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How to finance IFA acquisitions
by William Robins on Nov 30, 2010 at 00:01
Sheriar Bradbury (pictured), Steve Moseley and Mark Woods explain the best way to fund buying up other client books.
Managing director, Bradbury Hamilton
I don’t get the company to borrow money, that way there’s no debt.
I feel the banks are too unreliable. I would not run an overdraft they could withdraw at any time. I have seen that happen to some.
There are also problems for any upfront deal. If you start doling money out upfront then what guarantee do you have from the other end? You would not be able to enforce their end of the agreement and you lose leverage.
Don't pay upfront
My advice would be to save up cash over time, and if you don’t have cash then don’t pay upfront. We never pay more than 50% initially for an acquisition. It would be too much of a strain on cashflow.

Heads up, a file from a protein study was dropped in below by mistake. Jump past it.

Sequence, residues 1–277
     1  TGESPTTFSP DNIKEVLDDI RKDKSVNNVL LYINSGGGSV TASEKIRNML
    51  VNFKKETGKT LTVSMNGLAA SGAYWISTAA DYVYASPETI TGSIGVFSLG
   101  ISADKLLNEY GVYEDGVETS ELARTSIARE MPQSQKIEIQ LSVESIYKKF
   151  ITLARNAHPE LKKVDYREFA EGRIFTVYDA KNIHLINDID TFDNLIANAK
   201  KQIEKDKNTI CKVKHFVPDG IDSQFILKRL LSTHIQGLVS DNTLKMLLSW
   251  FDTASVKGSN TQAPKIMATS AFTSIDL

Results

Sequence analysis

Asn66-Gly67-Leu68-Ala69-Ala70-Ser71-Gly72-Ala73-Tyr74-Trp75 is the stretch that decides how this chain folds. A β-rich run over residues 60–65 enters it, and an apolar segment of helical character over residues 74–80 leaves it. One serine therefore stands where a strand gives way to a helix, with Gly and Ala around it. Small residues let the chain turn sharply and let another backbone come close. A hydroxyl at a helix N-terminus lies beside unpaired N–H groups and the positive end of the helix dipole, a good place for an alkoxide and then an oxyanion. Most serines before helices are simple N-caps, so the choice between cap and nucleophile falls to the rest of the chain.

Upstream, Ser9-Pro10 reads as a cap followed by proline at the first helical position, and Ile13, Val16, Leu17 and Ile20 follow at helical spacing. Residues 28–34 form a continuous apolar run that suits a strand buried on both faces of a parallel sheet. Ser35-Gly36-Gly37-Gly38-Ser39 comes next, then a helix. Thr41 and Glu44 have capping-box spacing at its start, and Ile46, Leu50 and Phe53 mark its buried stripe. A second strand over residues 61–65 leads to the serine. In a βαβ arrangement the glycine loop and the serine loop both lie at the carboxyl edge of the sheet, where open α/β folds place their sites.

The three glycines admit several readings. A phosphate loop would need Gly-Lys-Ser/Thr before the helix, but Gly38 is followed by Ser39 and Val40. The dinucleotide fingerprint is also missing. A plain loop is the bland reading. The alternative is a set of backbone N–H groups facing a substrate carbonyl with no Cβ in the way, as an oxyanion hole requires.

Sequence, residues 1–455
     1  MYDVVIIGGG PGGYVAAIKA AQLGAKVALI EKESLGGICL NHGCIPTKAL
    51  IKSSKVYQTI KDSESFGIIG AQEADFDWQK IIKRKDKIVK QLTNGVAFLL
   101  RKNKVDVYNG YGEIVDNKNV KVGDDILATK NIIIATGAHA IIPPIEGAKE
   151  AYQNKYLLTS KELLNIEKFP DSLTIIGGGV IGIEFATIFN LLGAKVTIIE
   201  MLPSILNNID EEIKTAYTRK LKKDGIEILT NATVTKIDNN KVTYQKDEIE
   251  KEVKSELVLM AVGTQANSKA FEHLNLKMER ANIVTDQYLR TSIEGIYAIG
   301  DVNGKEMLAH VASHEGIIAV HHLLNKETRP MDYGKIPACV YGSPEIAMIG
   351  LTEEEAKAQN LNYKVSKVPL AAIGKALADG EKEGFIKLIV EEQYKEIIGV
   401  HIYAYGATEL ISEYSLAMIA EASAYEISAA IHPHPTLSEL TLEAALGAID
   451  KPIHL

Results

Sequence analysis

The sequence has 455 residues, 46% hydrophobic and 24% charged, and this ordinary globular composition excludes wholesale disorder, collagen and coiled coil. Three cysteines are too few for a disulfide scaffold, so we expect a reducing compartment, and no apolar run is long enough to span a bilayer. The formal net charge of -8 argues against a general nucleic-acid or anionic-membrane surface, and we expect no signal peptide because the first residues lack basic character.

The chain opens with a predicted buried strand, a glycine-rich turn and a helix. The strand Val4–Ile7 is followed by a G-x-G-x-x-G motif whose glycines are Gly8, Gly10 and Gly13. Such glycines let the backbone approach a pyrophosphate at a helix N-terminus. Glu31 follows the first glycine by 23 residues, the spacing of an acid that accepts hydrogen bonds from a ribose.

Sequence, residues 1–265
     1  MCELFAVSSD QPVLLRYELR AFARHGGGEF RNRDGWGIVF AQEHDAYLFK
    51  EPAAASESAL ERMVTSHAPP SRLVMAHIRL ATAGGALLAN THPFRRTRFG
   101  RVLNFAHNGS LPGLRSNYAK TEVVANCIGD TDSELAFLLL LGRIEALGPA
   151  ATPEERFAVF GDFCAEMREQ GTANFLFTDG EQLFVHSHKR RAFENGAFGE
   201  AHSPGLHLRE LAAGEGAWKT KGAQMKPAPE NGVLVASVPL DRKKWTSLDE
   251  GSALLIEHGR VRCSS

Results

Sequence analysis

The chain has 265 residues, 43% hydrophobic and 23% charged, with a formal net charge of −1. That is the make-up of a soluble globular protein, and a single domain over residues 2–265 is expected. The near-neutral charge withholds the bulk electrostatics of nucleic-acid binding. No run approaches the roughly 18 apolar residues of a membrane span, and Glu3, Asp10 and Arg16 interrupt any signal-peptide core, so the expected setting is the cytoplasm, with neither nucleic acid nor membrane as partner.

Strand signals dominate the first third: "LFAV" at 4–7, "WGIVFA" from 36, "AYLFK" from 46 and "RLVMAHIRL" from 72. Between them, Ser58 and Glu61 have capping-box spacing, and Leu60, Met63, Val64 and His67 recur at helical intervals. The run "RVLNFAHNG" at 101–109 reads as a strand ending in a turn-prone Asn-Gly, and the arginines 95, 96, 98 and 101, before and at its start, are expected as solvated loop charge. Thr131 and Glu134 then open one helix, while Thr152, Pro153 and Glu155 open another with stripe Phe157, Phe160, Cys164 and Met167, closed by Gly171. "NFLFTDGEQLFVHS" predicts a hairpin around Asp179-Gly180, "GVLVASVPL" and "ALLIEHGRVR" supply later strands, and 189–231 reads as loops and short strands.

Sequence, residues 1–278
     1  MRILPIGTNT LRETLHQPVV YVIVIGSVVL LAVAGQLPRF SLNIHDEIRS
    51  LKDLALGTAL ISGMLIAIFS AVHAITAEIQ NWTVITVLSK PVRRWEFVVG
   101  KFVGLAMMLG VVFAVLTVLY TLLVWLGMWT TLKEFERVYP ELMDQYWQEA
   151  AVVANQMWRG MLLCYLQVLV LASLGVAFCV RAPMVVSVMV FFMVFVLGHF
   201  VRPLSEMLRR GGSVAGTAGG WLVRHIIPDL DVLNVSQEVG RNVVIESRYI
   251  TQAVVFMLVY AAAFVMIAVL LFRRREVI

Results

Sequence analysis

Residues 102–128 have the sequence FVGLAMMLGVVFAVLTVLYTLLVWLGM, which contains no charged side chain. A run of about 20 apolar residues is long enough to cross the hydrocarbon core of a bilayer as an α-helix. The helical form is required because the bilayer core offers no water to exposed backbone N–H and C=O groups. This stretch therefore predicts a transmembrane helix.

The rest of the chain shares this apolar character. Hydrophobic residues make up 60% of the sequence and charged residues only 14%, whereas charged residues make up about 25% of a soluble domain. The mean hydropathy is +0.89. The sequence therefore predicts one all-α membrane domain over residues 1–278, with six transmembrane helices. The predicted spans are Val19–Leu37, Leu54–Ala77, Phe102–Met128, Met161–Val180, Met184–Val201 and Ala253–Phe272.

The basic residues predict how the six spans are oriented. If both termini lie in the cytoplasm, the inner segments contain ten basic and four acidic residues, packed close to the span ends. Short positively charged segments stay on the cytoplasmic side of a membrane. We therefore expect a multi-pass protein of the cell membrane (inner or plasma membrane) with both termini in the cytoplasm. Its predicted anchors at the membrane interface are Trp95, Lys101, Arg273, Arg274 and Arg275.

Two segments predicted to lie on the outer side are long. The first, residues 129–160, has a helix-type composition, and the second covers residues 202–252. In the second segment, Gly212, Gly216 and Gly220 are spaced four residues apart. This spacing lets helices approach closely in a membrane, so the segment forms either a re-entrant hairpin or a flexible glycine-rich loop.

What you can do is use an asset. Indeed, you could set it against your house. That way you are only risking the money you have provided. If you borrow against the business the bank’s claim is not restricted to the money put up. The bank will probably ask directors for a personal guarantee in which case you might as well get a cheaper loan restricted to your own property.
Just make sure you clear it with any dependents living there.
If you are not putting up the cash then the lenders are taking a bit of a risk on you, because you are not putting up your own money.
Director, Sterling McCall
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